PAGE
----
Smartwatches command acres of news these days. Die-hard collectors of traditional watches say no, open-minded collectors of fine timepieces would consider wearing them on the other wrist, and kids love them. Personally I am somewhere in the middle. This is because I am an Apple-guy. My iMac at the office, MacBook Air laptop, iPad Mini and iPhone all are great products and I am a great fan of just about everything Apple. But you will not see me in a sleeping bag outside the local Apple store with the first movers and tech bloggers, once the Apple smartwatch is ready for sales in my part of the world.
May I suggest an angry smiley followed by the thumps down sign?
That said, I’m getting the smartwatch vibes. Not because Pharrell Williams is a fan on Instagram. Nor because Stephen Pulvirent from Bloomberg writes great articles about it. But because I am pissed off with the service charges I get when I bring in one of my mechanical watches in for maintenance. And it occurs to me that one of the biggest threats from the smart watch to traditional watchmaking is the fact that a good old mechanical luxury watch will either be replaced or even trashed for a newer version in the Apple treadmill. That Apple device will never come back after six long months of after sales service at the manufacturer with a charge of 4.000+ euro.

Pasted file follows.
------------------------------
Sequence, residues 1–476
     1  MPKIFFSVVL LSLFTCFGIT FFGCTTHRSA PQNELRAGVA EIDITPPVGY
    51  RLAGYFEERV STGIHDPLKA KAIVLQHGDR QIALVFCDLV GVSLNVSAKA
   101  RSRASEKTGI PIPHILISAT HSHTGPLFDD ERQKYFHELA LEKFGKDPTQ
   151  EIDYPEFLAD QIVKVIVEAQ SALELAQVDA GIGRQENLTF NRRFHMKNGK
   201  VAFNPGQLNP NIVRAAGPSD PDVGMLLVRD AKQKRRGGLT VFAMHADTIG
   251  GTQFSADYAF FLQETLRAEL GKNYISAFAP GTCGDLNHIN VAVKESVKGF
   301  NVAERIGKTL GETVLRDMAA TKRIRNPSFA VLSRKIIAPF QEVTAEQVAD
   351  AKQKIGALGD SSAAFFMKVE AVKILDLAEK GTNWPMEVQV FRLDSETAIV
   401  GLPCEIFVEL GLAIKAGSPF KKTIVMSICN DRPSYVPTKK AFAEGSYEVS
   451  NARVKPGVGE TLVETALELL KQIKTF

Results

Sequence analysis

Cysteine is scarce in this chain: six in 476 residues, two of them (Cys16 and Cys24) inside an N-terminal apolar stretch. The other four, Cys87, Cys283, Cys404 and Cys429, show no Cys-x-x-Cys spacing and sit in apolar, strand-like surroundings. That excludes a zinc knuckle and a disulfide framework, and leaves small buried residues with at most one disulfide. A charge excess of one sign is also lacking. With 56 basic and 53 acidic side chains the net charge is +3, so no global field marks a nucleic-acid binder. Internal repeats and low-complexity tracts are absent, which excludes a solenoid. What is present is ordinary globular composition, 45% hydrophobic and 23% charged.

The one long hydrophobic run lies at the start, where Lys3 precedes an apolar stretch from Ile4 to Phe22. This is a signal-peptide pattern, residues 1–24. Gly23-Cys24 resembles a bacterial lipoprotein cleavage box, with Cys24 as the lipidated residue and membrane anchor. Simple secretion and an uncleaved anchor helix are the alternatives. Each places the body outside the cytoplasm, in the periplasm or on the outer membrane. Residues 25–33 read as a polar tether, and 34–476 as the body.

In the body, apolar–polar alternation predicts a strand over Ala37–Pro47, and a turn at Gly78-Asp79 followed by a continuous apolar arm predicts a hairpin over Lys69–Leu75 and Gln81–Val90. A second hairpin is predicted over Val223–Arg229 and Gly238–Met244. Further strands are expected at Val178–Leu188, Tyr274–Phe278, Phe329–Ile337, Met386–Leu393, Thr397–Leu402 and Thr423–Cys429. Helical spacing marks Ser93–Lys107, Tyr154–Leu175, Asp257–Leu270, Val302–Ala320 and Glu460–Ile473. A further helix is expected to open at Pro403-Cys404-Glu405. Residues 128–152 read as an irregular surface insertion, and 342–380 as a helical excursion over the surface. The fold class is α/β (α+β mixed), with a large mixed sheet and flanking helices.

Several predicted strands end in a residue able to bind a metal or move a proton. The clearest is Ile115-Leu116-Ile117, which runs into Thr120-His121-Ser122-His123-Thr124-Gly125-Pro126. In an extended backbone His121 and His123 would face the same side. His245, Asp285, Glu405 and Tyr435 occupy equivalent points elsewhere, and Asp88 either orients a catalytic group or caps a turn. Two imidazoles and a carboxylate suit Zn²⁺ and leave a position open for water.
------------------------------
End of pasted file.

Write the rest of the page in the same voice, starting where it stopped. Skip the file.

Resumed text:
But even if the die-hard mechanical watch fans show only contempt, they might consider wearing the Apple Watch while their beloved mechanical timepieces are at the service spas in the Swiss Jura mountains. And this is where the traditional watchmakers should fear the smart watch incursion: it just might remain on our wrists, the right one. Or heaven forbid, promoted to the left-hand wrist if you do not speed up the after sales services and also keep the bill at a reasonable level. And should the retailer email you with a delayed return date of your mechanical timepiece, then you can respond with a standardized reply from your Apple watch. May I suggest an angry smiley followed by the thumps down sign?